In 1996, he was accused of sheltering associates of underworld don Dawood Ibrahim, booked under the Terrorist and Disruptive Activities (TADA) Act and jailed. During his stint in prison, the late prime minister Atal Bihari Vajpayee allegedly wrote to him, asking him to take courage and "remember Savarkarji who was sentenced to life imprisonment".

Later, he was acquitted in the case, primarily owing to lack of evidence. In 1996, again while he was still in jail, the BJP gave the Lok Sabha ticket to his wife Ketaki Singh, and she also won by a handsome margin.

Singh's clout has apparently only grown after the turn of the century, so has his money power. His brazenness is evident from the fact that during the 2022 assembly polls in Uttar Pradesh, Singh admitted in an interview to a TV channel that he had committed one murder — something that even the most dreaded criminals would probably not say on camera.

In the interview, Singh claimed he had shot the man who killed his friend Ravindra Singh, brother of Pandit Singh, with whom the MP had a long-running feud until the man died in 2021. "I pushed the man who shot Ravindra Singh and shot him dead," he added.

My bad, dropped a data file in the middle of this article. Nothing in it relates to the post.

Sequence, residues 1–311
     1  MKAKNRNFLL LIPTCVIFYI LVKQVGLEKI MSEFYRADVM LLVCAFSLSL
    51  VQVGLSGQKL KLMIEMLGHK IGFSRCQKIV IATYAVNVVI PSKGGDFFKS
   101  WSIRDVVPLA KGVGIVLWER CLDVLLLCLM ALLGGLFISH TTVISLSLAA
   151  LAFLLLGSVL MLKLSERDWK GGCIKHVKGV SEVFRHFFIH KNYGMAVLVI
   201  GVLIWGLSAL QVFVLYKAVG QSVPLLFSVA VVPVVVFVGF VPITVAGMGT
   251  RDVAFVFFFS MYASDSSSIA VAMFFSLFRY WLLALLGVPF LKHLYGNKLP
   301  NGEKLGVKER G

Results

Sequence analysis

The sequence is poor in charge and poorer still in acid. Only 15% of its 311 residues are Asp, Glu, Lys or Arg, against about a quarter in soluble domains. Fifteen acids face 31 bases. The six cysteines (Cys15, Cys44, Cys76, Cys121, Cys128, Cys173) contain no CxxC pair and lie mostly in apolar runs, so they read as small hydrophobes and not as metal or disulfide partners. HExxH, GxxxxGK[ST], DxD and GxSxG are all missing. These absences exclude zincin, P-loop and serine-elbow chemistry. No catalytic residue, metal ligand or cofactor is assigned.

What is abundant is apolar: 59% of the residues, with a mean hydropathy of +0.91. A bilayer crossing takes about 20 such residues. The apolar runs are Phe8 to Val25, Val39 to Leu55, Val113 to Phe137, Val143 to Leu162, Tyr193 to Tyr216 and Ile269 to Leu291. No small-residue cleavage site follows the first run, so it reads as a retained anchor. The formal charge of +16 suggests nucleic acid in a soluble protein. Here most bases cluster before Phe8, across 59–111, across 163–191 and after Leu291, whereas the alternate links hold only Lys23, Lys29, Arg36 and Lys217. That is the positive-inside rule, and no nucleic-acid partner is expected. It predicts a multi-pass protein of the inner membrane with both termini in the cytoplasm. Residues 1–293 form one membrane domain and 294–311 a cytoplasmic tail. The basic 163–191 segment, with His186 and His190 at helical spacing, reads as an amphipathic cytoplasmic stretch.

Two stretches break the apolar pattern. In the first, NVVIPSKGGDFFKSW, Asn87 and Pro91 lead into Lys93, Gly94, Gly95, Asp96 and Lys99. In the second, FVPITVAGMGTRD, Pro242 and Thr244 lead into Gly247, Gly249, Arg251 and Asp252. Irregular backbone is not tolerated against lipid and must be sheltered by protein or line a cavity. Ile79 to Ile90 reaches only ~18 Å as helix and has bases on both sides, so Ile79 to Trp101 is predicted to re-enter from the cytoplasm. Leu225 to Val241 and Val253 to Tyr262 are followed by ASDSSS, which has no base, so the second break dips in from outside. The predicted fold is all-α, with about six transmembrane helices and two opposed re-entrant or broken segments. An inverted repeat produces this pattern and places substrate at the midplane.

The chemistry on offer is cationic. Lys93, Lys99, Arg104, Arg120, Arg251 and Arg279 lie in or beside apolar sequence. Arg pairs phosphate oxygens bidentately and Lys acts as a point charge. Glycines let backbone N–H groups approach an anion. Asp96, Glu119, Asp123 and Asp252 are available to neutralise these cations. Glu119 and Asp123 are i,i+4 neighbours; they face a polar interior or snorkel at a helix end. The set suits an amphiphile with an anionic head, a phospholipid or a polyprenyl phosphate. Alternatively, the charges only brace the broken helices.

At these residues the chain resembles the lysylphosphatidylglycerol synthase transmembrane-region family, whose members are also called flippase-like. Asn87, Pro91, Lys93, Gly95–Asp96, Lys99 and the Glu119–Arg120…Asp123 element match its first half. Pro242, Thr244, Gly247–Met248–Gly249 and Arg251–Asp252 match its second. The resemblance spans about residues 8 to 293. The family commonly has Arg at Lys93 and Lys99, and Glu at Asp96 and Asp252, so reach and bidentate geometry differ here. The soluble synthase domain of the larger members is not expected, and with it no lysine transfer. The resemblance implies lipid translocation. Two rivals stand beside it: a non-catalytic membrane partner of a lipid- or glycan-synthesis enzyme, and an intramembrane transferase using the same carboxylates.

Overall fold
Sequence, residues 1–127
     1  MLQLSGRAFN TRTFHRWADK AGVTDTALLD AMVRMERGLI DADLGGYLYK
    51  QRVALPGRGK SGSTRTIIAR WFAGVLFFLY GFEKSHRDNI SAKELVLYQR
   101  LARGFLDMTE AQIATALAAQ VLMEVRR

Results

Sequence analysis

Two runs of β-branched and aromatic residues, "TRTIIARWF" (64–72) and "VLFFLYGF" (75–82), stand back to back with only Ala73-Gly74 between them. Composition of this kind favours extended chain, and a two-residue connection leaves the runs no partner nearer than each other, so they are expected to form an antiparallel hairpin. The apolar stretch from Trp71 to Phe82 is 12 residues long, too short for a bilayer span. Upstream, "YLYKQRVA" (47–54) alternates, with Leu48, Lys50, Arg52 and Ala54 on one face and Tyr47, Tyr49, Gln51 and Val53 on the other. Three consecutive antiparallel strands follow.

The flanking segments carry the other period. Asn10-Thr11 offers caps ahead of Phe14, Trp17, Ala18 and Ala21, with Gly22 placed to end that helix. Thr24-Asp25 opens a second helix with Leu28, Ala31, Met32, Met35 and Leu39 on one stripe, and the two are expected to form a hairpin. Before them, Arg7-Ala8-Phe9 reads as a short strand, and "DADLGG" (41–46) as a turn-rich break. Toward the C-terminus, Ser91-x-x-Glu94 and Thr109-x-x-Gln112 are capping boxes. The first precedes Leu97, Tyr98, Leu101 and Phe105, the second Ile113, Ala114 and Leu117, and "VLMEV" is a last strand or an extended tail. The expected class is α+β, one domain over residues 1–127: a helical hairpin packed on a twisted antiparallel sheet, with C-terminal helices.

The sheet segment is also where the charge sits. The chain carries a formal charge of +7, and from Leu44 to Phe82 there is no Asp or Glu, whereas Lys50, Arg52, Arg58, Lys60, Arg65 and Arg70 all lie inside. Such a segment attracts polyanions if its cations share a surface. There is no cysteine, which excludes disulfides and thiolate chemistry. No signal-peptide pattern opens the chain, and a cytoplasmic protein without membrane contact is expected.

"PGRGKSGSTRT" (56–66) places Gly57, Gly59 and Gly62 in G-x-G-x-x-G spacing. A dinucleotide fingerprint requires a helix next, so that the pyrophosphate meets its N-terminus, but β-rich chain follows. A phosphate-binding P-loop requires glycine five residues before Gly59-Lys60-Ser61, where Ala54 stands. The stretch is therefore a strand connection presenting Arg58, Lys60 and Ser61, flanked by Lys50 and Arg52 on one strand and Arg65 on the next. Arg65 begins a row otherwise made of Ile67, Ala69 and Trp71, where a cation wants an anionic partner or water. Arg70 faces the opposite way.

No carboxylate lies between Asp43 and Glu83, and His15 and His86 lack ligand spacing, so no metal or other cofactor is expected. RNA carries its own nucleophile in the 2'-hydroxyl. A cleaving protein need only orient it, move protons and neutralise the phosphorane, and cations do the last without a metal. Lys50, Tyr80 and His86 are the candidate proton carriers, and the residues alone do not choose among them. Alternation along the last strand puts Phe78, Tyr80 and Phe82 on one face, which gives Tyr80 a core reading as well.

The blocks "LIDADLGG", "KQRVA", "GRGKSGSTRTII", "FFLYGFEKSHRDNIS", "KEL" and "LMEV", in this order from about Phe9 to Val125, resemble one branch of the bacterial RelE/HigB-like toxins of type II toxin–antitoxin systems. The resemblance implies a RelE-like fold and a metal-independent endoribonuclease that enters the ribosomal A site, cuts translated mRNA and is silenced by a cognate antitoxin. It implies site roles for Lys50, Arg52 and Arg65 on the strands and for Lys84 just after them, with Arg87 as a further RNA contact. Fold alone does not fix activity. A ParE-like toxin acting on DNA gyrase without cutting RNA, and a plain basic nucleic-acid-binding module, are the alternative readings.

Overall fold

Earlier, in 2009, Brij Bhushan had briefly parted ways with the BJP and joined the Samajwadi Party, but returned to the BJP before Modi's victory in 2014. As Brij Bhushan's stature grew within the BJP, his 'business' also flourished. He owns around 50 schools and colleges and has interests in mining, besides dabbling in liquor contracts, the coal business, and also real estate. Singh is also known to gift motorcycles, scooters, and money to students and supporters on his birthday every year.

His appointment as president of the WFI in 2011 further added to his 'weight'. In December 2021, he did not think twice before slapping a wrestler on-stage during an event in Ranchi.

The kind of clout that Singh wields within the BJP is evident from the fact that he has even hit out at the Yogi Adityanath government in UP and accused the bureaucracy of making elected representatives "touch their feet". He also criticised the state government's lack of preparedness for floods.

Political analysts are actually bewildered by the lack of action against Singh by Adityanath, who is known to take the bull by the horns. "One can simply not understand Yogi Adityanath turning a blind eye to Singh's activities. It has to be pressure from the top that is preventing the chief minister from turning his bulldozer towards Singh's kingdom," said a party functionary.

The fact that no action — not even a word of disapproval — was forthcoming in the matter, only seems to have made him bolder. "Brij Bhushan Sharan Singh believes he is invincible and does not fear even his own party leadership. No one dare criticise him, and even journalists keep a safe distance from him. The police bow before him. The clout he wields must be seen to be believed," said one of his former supporters.

With Lok Sabha elections just a few months away, the BJP is unlikely to target Singh. Even his detractors now admit that the story of Brij Bhushan Sharan Singh is far from over. In fact, many say it has just begun and he is a man to watch out for in politics in the coming months.